Special Census to Increase Revenue
Wayne Horne | 1/20/2016, 5:34 p.m.
The Joliet City Council authorized a special census that will be conducted this year and possibly certified by year’s end. The cost of $99,705 was included in the 2016 Budget passed last month. Potentially the estimated population increase will generate between $893,000 and $967,000 over the next four years.
The projection is based on the assumption that when and if, the State of Illinois passes a budget that the income tax revenue currently shared with municipalities will not be reduced. City Manager Jim Hock indicated in a memo to the City Council that the possibility of that happening was “a slight risk.” If that did occur the projected revenue would still exceed the estimated cost of the special census by over $500,000.
The City last conducted a special census in 2008 when the City of Joliet was growing rapidly. The Department of Commerce conducts a nationwide census every 10 years. The next one will be in 2020. The cost of that count is borne by the Federal government.
The projected revenues also assume that the 456 new occupancy permits in the census tracks to be surveyed contain the estimated 3.2 residents per household used by the Census Bureau. In the past, a special census has always generated more revenue than it costs. Why bring up the issue?
Municipalities, like most units of government are always looking for increased revenues. They should be. That’s a good thing but municipalities seem less concerned with the constant increase in expenses. Joliet’s biggest increase in expenses is usually payroll and benefits which account for almost 80 percent of the General Fund expenditures.
Consider the fact that several union contracts are, or will be, negotiated this year. Since the unions are probably looking for an increase in pay and benefits you can assume the projected revenue increases from the census count are already being counted on as available for negotiations. Think that’s a stretch?
Police and firefighter personnel received over $5.4 million in overtime pay in 2015. The 2016 Budget has allocated about $1 million less for overtime for those two groups. That reduces take home pay personnel have gotten used to. The City Council has said it wants overtime reduced. Employees will be looking to replace the lost wages.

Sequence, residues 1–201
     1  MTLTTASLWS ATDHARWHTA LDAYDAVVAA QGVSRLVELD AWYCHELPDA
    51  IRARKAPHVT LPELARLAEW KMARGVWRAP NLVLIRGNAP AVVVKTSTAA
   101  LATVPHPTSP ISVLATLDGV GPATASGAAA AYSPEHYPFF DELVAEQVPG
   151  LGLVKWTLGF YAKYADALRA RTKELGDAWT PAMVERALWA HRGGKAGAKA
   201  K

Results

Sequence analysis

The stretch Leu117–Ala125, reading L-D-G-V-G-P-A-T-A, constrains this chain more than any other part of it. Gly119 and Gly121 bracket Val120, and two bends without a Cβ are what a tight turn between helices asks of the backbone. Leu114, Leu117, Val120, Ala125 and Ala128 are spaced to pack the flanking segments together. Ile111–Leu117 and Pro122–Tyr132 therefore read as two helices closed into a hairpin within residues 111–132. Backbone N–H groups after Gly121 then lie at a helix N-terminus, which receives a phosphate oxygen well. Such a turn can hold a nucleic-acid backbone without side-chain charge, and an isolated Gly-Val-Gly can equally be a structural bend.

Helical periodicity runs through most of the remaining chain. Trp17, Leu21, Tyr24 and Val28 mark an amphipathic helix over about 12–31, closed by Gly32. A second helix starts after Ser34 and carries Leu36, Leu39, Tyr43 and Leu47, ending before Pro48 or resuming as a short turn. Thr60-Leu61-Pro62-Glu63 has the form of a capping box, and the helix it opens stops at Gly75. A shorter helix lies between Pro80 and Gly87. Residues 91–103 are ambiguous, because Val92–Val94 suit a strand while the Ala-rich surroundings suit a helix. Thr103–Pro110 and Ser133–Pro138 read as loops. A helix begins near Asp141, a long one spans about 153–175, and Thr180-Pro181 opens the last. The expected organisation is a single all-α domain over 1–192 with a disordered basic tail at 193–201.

How serious is the issue? The Council has indicated that either the Fire Department overtime be reduced or they will have to close a fire station. Based on the current pace of overtime by the Fire Department the amount budgeted for overtime will be expended by April. Will the fire station be closed if that happens?
No indications of actions necessary to reduce police overtime have been brought forth. Unlike the Fire Department police are understaffed by more than 60 personnel, according to city administration officials.
One last thing…a story in the Military Times last November quoted officials from the U.S. Department of Housing and Urban Development (HUD) that eliminating veteran homelessness is unattainable any time soon. The original 2010 goal of no homeless veterans by the end of 2015 is within sight only if local governments are able help in the goal.
Since 2010 veteran homelessness has been reduced by approximately 27,000 people mostly single persons. The homeless veteran population is currently estimated to be less than 48,000. Currently, there are about 1200 Illinois homeless vets. While the numbers are not as high in Illinois as some states it is still too many. HUD has stated in the November report that the number of homeless will not reach zero in any particular group including veterans. Stay tuned…